Are you saying that god was at preschool age when s/he created Earth? That would explain a few things :lol: Children can be incredibly cruel and thoughtless at that age.

But perhaps s/he was already a little older, and Earth is the divine equivalent of a baking soda volcano. I'd give it an E for effort.



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22 Apr 2012, 8:35 am

Just thought you should know- the title says word, really confused me at first. If you had free will but could not do evil, then how is that free will? But then you could argue that we cannot fly, so how much free will do we really have.



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22 Apr 2012, 8:39 am

Quote:
Hamlet:
What have you, my good friends, deserv'd at the hands of
Fortune, that she sends you to prison hither?

Guildenstern:
Prison, my lord?

Hamlet:
Denmark's a prison.

Rosencrantz:
Then is the world one.

Hamlet:
A goodly one, in which there are many confines, wards, and
dungeons, Denmark being one o' th' worst.

Rosencrantz:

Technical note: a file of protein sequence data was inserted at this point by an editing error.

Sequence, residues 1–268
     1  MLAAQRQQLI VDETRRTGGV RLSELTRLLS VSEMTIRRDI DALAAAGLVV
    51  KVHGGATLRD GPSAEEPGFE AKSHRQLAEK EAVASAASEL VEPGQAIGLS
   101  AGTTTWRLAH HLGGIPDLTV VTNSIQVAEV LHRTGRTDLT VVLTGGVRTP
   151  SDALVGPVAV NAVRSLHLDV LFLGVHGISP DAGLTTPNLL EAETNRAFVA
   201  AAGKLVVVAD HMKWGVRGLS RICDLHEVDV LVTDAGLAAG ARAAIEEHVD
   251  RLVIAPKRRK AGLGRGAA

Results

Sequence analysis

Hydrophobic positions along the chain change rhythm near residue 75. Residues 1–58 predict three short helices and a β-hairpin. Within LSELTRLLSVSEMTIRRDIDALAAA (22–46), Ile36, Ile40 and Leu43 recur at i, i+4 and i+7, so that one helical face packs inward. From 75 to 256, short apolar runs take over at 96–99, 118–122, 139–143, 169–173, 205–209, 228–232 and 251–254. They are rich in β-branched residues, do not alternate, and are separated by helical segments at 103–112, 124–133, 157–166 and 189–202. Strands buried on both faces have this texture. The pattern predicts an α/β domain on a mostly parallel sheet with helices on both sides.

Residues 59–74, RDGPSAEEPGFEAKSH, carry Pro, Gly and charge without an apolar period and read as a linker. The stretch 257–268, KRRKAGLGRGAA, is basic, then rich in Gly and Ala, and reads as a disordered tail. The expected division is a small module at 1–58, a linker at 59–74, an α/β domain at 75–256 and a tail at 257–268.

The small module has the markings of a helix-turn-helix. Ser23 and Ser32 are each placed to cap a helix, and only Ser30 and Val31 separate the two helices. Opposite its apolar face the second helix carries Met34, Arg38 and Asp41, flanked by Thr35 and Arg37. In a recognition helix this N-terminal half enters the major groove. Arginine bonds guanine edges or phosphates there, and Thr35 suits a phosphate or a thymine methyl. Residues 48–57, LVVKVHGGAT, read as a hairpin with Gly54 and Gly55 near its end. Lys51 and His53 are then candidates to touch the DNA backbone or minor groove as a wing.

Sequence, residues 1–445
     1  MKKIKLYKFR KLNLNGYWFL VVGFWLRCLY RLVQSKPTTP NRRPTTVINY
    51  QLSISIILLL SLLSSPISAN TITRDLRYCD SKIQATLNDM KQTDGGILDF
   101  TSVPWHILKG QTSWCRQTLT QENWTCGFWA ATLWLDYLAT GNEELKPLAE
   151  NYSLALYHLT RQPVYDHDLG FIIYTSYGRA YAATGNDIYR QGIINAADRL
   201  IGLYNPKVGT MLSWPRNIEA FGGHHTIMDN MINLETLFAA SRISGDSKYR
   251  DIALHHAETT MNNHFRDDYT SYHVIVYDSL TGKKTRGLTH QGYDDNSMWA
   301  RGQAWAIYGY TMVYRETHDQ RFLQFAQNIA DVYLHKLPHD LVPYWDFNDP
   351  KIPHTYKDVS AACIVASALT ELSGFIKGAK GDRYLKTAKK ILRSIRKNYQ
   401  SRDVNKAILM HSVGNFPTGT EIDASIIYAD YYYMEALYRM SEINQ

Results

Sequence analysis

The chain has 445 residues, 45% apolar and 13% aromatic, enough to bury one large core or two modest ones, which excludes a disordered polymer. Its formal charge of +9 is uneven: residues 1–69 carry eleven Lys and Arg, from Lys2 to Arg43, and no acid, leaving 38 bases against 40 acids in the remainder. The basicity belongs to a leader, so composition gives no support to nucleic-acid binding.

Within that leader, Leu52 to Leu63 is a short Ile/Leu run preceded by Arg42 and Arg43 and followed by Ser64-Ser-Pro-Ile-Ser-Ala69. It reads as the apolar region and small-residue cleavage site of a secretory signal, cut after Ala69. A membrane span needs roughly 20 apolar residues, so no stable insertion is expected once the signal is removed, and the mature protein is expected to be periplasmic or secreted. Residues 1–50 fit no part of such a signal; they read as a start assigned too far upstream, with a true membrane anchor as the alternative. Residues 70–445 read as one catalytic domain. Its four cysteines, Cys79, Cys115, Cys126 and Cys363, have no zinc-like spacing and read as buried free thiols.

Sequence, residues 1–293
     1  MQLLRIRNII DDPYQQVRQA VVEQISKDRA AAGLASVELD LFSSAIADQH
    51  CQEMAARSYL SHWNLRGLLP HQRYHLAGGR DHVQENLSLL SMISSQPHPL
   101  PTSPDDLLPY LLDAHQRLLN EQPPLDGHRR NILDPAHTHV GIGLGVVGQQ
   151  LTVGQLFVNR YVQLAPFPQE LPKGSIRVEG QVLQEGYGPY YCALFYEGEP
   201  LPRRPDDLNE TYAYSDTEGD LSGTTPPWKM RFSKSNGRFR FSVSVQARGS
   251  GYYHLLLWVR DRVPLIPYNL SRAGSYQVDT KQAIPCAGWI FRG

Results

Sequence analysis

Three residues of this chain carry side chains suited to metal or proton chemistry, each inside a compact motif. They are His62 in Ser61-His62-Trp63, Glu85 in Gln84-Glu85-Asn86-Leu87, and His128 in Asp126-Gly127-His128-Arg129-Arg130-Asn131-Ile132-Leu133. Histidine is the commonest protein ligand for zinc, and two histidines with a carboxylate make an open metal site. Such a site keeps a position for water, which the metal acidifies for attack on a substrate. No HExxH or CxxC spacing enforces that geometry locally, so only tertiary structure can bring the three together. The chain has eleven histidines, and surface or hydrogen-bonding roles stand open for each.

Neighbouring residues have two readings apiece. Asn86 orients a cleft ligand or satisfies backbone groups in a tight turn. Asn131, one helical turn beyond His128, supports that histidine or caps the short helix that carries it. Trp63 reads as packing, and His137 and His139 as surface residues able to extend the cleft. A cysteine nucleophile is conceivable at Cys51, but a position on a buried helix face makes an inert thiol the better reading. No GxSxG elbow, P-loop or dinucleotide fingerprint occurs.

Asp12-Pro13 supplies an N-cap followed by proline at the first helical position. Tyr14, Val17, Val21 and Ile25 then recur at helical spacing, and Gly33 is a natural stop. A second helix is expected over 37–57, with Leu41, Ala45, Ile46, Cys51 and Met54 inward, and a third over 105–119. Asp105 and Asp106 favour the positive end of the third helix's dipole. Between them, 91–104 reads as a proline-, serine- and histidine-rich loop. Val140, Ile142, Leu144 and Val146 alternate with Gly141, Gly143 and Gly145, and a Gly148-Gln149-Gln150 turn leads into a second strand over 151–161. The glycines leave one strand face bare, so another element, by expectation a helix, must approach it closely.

We think not so, my lord.

Hamlet:
Why then 'tis none to you; for there is nothing either good or
bad, but thinking makes it so. To me it is a prison.



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22 Apr 2012, 8:39 am

CrazyCatLord wrote:
Aimless wrote:
Perhaps for the same reason we don't enter preschool knowing advanced calculus.


Are you saying that god was at preschool age when s/he created Earth? That would explain a few things :lol: Children can be incredibly cruel and thoughtless at that age.

But perhaps s/he was already a little older, and Earth is the divine equivalent of a baking soda volcano. I'd give it an E for effort.

No, that's not what I mean at all. There is a theological line of thought that the Garden of Eden story is an allegory for our disconnection from "godhood". In other words, when we separated from God, the ego was born. This reality we experience is a school of sorts where we slowly learn, through the process of reincarnation, how to be one with God again. Every evil act we commit pushes us back further. These are just ideas I've read. I don't believe anything I don't know, but that doesn't mean I'm not open to possibilities. What I've read is a book called A Course in Miracles.